Resource 1: Making science relevant to everyday life
Teacher resource to support teaching approaches
Making science relevant to everyday life
The TESSA resources are underpinned by a view that science is not just an activity that is carried out by people in white coats in a laboratory. Science helps students to make sense of the world and they need to realise that it is taking place all around them. Many everyday activities involve scientific principles. It is important that pupils get the opportunity to apply their scientific knowledge to an understanding of their own environment and that they understand that the skills they develop in science are relevant to some of the problems they face in everyday life.
Use local examples where possible, but also encourage pupils to draw on their own experience in the classroom.
- Use local examples and materials, e.g. hibiscus indicator; local minibeasts for work on classification or adaptation; wood and kerosene to compare calorific content of fuels.
- Give pupils a challenge using scrap materials, e.g. obtain clean salt.
Pupils could find information from local newspapers or magazines or interview adults in the community, such as brewers, mechanics or health workers. This could be the basis of a poster, oral presentation or role play.
Making use of the school grounds
Besides the obvious opportunities for ecological investigations, the school grounds are a source of teaching examples in other topics such as corrosion, structures and forces. Take pupils to see them or ask them to find examples or collect data for analysis.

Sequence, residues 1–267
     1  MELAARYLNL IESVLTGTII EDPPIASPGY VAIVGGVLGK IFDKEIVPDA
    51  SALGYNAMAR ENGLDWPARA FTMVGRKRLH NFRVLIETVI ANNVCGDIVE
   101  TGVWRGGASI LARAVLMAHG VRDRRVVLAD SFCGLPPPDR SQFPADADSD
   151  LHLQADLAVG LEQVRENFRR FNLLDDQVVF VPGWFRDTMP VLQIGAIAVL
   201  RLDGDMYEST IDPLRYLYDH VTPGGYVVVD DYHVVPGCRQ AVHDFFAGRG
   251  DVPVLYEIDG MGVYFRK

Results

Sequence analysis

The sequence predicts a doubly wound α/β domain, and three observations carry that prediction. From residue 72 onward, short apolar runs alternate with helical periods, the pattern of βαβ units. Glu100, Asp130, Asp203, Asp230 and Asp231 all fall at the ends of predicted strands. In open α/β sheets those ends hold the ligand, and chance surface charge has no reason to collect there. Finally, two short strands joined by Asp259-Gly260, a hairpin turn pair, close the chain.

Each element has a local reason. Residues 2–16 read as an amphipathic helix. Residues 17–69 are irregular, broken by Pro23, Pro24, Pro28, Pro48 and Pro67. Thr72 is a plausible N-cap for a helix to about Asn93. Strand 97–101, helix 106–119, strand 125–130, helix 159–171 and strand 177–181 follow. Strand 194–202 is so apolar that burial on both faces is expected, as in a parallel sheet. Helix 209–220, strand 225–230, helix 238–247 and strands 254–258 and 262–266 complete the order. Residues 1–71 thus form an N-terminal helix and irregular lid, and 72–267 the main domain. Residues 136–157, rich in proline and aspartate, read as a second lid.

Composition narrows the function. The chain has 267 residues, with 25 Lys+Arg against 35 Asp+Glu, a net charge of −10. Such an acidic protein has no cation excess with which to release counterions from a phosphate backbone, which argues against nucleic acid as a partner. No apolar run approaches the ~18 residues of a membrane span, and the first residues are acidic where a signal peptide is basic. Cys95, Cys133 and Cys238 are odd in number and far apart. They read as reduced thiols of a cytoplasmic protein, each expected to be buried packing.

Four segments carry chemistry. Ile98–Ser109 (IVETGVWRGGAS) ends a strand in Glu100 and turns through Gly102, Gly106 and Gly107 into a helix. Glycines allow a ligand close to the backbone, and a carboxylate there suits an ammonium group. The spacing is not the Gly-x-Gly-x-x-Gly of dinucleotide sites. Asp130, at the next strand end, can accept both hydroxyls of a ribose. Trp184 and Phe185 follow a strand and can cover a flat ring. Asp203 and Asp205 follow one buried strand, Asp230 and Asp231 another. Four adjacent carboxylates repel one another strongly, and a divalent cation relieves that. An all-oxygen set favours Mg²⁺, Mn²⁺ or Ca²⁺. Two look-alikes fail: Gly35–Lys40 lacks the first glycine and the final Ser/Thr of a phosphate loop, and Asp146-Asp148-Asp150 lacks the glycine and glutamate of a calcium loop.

Visit local industries, agricultural sites or museums. The effective teacher will link this to classroom work both before and after the trip.
Ask pupils to write about examples of science around them (e.g. chemical change in the kitchen or forces on the football field) or to bring materials to the classroom.
Use local issues as a stimulus for creative written work, e.g. a letter to a newspaper or radio script on local environmental or health issues.
- Interviews – one child could be the ‘expert’ and the interviewer can ask questions as if they were producing a news item for the radio.
- Pupils come to a decision about a local issue, e.g. health promotion or energy supply.
You should create a file for yourself and keep any newspaper and magazine articles that you find that contain or are about scientific issues. Every time you start a new topic, ask yourself how it relates to everyday life and help your students to make those connections.
Brainstorming as a class or in smaller groups can help students to make connections between the science they learn in class and their everyday lives.
3. How can we keep things cold?
Resource 2: Brainstorming